A new year rises and with it a natural unsettling. I rather like it.
Time is moving. We cannot ignore that fact when the calendar flips its long stationary numbers.
Reflection is not my natural bent, but there is something so valuable in pausing to look at the past year, sifting out the cadence in it all – what worked, what didn’t, highs and lows and all of the unexpected. It’s often in the looking back that we see His grace in a new and different light.
A new year lends itself to reflection organically.
At the same time we are coming off a seasonal high. A month of the year like no other, December often stretches and stresses us in many ways – our budget, our calendar, our waistline. We seek to be intentional with our traditions and fit in all the good stuff. We attend more parties, spend more time with family, more and more and more. It all adds up.
A new year finds us searching for normal again, shedding the excess, finding center.
Whether we are among the 40% who traditionally set New Years resolutions or not, there is something very valuable in taking this turn of the calendar seriously.
More time is not guaranteed. Why wouldn’t we look at our days carefully?
We have the opportunity to reassess and reorganize, to renew our hope, our faith, our boundaries, our vision. We can seek to reaffirm our horizon line, re-chart our course when we have gone astray. All in bravely pausing to look.
But we are also fully aware that resolutions fail us. The statistical success of making these slippery intentions stick is exceedingly poor. You may have read about it, seen it in your own history; the odds are not in our favor.
But I have a feeling it has less to do with the resolutions themselves, because they are not mythical in nature, correct? We can, of course, determine to lose weight, read more books, get organized and actually do it. Save for a few of us who set our sights unattainably high, it is possible to achieve the things most of us hope for in a new year.
So what gives? If the disparity between the change we desire and the probability of success is so great, where is the hang up?
Many things have been attributed to this chasm over the years – environment, accountability, self-discipline, etc. And all of these contain an element of truth. But lately I have been wondering, if it is the soil in which we are planting those goals, dreams, resolutions, that fails to nurture growth.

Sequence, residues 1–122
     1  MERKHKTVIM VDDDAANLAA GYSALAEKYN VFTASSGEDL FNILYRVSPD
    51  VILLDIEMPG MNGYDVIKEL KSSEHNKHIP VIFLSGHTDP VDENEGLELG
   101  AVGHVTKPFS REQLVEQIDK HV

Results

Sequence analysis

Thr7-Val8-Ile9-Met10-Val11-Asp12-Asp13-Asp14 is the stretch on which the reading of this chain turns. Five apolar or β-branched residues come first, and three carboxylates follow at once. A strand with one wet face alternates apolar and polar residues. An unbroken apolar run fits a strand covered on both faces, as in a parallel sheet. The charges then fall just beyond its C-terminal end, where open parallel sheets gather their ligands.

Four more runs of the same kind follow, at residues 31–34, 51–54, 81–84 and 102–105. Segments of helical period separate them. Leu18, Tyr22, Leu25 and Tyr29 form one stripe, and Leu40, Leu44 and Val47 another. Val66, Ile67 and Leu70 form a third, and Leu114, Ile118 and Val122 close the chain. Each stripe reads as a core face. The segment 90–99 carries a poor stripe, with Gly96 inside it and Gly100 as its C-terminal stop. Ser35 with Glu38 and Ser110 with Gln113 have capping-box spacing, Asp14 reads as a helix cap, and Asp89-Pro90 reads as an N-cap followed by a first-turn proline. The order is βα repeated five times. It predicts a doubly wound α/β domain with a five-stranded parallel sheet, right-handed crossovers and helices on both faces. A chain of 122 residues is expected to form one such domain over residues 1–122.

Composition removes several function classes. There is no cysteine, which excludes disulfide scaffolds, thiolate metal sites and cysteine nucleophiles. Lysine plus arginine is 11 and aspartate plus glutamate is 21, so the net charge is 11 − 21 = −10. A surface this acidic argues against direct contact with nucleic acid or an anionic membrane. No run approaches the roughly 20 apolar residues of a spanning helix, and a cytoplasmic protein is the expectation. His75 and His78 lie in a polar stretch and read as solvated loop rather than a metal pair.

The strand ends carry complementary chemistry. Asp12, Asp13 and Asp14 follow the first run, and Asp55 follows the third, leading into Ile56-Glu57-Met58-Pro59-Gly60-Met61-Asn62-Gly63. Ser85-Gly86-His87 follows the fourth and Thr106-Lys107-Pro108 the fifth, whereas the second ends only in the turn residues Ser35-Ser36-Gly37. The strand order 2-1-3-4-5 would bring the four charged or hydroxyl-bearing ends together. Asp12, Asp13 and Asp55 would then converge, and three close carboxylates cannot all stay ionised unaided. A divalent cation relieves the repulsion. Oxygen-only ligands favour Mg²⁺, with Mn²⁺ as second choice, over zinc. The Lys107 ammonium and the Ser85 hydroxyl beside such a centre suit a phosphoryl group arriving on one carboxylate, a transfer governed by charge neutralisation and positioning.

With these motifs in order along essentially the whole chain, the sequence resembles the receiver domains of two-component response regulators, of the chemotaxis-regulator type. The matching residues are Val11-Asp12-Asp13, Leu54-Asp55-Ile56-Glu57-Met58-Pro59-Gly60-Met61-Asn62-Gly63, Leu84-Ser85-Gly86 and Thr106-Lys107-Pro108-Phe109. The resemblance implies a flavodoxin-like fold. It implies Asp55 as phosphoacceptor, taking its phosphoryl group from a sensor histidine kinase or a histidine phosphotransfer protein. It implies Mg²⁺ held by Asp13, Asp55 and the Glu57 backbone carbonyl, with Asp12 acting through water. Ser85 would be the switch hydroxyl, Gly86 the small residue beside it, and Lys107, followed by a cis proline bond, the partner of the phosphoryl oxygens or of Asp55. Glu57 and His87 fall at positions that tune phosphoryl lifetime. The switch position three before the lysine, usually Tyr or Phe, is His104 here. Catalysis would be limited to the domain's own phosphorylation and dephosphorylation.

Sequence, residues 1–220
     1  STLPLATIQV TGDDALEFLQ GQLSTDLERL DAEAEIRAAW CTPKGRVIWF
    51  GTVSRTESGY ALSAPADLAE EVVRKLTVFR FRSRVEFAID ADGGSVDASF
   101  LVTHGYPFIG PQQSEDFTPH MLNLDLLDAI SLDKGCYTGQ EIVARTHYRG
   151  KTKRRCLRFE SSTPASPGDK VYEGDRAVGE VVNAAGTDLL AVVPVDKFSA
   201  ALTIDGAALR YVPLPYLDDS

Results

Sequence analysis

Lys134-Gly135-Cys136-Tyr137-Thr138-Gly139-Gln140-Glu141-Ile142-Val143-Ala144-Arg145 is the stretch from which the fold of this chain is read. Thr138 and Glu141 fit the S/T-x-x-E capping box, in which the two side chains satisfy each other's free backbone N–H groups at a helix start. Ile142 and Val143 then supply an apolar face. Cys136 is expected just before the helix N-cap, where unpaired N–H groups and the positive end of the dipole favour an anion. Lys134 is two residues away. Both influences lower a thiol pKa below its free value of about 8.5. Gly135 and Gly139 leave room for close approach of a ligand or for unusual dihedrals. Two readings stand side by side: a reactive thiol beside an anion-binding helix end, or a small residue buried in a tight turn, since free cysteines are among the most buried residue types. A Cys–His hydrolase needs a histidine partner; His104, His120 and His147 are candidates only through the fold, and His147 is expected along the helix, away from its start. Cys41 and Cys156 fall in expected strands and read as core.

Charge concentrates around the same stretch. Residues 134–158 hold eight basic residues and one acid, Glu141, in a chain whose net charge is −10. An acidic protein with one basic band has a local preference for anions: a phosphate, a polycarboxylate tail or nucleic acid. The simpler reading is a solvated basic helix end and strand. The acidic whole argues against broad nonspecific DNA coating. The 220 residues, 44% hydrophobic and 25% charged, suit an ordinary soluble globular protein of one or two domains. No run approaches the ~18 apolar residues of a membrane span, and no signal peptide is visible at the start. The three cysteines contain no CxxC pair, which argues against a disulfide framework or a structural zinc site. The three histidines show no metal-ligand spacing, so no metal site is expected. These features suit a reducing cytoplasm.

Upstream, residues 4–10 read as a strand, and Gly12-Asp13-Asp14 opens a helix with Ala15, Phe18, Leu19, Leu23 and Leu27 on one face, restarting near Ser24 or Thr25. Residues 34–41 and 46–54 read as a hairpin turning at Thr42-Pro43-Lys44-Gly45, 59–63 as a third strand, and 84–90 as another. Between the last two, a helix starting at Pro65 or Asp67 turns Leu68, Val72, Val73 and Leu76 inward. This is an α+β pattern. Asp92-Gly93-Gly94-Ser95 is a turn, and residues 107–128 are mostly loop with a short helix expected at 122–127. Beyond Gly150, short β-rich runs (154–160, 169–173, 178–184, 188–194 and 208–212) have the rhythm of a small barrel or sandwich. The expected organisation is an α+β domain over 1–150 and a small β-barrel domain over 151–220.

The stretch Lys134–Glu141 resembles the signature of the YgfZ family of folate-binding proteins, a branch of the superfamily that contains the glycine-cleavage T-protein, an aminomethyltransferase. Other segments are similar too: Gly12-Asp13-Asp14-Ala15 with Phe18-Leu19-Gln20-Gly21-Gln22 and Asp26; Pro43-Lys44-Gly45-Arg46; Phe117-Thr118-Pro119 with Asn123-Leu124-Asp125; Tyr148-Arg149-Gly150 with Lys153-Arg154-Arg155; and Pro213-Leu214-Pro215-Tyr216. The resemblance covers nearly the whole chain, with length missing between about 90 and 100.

Could it be the framework in which we are arranging our resolutions that makes all the difference?
- What if we planted our hopes in a bed of Truth?
- What if we viewed them through the lens of the gospel?
- Are we brave enough to stare down the fears that feed our failure, call them out for what they are and swap them for an active faith in what we profess to be true? (Dare to unpack that question, friend.)
- What if we traded our measuring stick of success for a barometer of faithfulness?
This is what a brave New Year looks like.
We can pursue change, reflect and re-direct, while turning the whole measurement of success upside down. We can plant our hopes in a fertile ground of faith, seeking new and better and good without fear of failure when we are playing by entirely different standards.
That is where I want land this year, friend.
I like goals; let’s have them. I want to be thoughtful, intentional, and purposeful about how I spend time; let’s think through that. But at the very same time let’s wash the whole mess of it in a barrel of grace and Truth. Let’s sift the chaff and make sure these new and exciting things we are committing to are viewed in light of what really matters.
Will you do that with me?
Here are 5 commitments I want to stand on in the year ahead.
I will fix my eyes.
The most simple and challenging goal of the entire year, better yet, our entire lives. God has set eternity in our hearts (Ecc 3:11) and it is that very heart that instructs us if we choose (Ps 16:7). But at the same time we all know there are thousands of things that vie for our attention. We notice our friends, we get wrapped up in our work, we give priority to our marriage, our kids, serving, giving, homemaking – you name it. And the catch is – these are all good things. But what would it look like to truly seek him first this year? What does it mean to fix our eyes on Christ?